Further information on the Open Archives Initiative can be found online.

Kind regards,

Lucy Pearce
Senior Product Manager
Institute of Physics Publishing


A golden oldie, Ten Graces for New Librarians by GraceAnne DeCandido. This has been around since 1996, but even older librarians should reread it every so often. It reminds us to be the kind of professional librarian we meant to be. Pause and reflect.

Tuesday, August 20, 2002

Multilingual Cataloging

I've just read an article "Perceptions of Catalogers and End-Users Towards Bilingual Authority Files" by Kaba Abdoulaye. The Electronic Library v. 20, no. 2 (2002) pp. 202-210. A shame it is so poor, since it treats such an important topic. Abdoulaye interviewed three catalogers then makes statements like "A majority (66.6 per cent) of the cataloguers believed...." or "A majority of the cataloguing staff believe ...." With a group of three we are dealing with case study, not statistics. Abdoulaye does interview a small group (23) of students as well.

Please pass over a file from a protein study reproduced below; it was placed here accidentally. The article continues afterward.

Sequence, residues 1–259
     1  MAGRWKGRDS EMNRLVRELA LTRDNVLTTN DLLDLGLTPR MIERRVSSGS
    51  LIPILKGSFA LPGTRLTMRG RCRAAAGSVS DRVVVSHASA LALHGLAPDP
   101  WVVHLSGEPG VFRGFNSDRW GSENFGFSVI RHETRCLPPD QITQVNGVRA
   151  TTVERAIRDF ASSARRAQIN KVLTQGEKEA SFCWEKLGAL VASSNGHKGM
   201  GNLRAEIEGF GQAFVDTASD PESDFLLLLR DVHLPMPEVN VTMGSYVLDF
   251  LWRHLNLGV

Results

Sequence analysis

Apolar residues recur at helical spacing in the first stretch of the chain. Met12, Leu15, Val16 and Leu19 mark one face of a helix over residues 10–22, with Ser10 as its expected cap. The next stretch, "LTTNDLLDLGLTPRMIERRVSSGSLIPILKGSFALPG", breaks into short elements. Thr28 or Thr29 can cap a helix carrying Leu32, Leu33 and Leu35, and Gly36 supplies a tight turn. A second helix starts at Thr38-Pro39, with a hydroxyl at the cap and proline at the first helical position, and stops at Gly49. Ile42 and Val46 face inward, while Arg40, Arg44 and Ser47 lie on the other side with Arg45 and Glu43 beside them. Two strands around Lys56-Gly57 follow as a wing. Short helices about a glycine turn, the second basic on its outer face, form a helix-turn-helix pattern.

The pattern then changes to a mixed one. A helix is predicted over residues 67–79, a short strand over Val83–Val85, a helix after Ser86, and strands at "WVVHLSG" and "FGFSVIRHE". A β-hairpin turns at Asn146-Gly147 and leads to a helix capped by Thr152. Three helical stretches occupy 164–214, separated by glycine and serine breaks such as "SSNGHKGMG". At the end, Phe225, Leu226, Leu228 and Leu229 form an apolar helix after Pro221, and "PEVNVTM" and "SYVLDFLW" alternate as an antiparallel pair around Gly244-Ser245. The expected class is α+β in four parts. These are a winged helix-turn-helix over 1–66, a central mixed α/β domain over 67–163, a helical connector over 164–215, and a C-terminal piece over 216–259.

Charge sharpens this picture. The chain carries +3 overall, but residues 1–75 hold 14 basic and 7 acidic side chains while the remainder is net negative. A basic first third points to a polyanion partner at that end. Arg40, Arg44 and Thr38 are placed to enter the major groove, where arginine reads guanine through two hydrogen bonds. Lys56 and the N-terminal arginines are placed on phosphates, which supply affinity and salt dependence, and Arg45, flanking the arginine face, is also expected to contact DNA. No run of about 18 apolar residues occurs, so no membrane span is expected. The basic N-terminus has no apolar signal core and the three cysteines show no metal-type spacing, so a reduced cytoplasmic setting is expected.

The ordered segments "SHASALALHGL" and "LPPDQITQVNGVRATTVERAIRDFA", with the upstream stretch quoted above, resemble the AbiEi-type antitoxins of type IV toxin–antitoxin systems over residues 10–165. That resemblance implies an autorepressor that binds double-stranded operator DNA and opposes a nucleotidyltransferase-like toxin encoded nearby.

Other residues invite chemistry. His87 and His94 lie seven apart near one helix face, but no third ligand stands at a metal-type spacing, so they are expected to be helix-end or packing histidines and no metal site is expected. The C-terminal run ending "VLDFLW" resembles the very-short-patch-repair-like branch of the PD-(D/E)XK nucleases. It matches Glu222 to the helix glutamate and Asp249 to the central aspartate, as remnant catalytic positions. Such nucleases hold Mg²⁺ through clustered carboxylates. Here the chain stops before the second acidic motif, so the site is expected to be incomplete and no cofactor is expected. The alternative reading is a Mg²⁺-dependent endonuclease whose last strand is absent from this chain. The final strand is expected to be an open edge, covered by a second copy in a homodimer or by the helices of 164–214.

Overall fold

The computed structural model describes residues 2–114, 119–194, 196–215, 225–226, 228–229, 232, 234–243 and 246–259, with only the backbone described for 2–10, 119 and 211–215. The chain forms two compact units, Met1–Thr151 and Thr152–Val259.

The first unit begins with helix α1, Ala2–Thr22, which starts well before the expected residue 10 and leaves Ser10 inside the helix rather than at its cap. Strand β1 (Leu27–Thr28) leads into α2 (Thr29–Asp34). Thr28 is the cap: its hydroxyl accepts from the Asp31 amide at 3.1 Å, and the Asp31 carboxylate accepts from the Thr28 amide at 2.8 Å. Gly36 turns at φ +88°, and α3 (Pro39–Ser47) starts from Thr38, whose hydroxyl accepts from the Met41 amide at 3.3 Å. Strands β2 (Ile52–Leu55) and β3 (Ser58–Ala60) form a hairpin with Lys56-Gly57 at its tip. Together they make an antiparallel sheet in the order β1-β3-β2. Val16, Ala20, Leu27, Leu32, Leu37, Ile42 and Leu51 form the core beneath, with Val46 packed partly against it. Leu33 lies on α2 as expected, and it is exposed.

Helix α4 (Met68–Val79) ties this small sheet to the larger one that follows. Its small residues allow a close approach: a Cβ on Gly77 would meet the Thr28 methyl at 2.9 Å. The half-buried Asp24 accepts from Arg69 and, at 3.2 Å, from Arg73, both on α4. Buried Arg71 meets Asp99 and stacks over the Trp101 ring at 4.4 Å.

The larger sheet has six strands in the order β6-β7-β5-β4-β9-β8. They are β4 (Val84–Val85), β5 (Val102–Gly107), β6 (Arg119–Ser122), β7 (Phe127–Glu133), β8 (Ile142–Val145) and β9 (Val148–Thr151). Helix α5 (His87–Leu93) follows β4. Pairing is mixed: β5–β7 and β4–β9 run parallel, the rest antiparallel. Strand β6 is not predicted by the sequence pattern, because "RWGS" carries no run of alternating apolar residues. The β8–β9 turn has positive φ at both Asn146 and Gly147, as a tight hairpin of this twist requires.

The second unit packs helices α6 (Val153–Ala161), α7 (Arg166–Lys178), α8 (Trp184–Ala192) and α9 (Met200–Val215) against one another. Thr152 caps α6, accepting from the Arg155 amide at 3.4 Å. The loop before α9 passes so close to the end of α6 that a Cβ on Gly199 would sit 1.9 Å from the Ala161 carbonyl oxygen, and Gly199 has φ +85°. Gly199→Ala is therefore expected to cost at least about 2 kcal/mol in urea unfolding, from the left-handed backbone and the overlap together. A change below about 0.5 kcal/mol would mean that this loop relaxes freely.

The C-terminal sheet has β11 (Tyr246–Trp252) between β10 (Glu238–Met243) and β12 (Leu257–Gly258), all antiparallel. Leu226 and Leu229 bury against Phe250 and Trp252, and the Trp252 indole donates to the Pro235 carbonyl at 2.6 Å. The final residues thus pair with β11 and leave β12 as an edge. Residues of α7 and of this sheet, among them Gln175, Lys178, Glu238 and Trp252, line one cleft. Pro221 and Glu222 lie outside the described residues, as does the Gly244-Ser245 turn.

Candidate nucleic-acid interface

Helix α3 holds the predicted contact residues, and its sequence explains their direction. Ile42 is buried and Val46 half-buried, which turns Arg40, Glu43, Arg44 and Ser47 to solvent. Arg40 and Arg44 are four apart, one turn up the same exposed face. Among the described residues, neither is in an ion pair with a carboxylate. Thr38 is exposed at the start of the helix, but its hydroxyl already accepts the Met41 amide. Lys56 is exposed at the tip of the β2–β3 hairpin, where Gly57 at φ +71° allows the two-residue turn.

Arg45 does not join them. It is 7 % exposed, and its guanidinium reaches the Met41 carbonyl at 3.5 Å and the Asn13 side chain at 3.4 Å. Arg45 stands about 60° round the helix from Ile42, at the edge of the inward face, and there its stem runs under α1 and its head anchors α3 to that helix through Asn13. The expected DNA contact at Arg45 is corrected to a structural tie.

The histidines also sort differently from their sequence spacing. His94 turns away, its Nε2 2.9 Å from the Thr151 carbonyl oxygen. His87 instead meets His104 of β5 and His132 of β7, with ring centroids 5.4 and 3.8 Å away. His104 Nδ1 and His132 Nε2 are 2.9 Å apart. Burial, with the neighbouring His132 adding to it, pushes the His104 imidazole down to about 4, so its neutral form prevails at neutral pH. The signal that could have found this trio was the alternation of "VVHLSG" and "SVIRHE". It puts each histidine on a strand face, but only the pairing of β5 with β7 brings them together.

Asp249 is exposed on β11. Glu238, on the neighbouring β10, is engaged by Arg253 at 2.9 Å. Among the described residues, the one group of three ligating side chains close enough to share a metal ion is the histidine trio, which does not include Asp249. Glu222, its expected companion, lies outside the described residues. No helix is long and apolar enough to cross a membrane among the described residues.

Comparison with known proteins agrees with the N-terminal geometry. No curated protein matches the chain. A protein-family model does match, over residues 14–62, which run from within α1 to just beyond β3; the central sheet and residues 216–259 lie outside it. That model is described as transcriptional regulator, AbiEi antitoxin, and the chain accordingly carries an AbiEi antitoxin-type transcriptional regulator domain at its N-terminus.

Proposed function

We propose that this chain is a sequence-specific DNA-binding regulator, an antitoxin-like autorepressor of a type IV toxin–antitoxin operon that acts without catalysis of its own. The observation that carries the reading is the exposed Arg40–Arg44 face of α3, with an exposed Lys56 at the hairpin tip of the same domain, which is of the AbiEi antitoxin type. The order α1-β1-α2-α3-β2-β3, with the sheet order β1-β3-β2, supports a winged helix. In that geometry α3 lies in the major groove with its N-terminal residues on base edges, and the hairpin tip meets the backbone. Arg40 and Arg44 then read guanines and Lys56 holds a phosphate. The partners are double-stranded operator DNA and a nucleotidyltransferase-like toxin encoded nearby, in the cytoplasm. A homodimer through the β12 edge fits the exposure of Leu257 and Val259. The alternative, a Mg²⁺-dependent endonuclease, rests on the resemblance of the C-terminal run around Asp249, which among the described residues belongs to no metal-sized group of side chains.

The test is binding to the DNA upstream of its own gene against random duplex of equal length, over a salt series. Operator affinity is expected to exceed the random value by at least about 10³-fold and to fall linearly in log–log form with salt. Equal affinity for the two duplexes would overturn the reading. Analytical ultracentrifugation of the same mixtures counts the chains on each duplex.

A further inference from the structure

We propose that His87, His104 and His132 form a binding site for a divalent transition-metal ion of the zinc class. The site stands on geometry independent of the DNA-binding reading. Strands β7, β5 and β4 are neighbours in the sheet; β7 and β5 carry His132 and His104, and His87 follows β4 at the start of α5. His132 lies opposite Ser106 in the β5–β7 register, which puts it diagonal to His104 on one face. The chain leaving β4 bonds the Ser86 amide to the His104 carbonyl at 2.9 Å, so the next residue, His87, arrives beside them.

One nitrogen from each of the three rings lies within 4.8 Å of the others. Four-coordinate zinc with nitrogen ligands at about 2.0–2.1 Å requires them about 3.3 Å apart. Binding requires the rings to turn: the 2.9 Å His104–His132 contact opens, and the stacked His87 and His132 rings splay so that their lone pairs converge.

Abdoulaye also is not always sure of the facts. "Authority files appeared to be organized according to AACR2 principle, which is applied today in many academic libraries. However, some of the records were found attached with birth and/or death dates within the name authority file." Anyone who has their first cataloging class in AACR could have told why some names had dates. And it wasn't because they were famous Muslim scholars as Abdoulaye guesses. There is a bibliography that may lead to some better studies, mostly concerned with Arabic language cataloging. The literature review may also be useful as a lead to better research.


YAZ-1.8.8 Sebastian writes: "The most notable changes are full support for character set negotiation and the use of UNICODE in Z39.50 sessions. Also new is support for Unix domain sockets ("file system sockets") as a high-speed, high-security alternative to TCP/IP connections for local client/server pairs." Posted on oss4lib

If you are wondering what YAZ is, here is the description from the YAZ page: "YAZ is a C/C++ programmer's toolkit supporting the development of Z39.50v3 clients and servers. ... The current version of YAZ includes experimental support for the industry standard ZOOM API for Z39.50."

Monday, August 19, 2002

Moving Images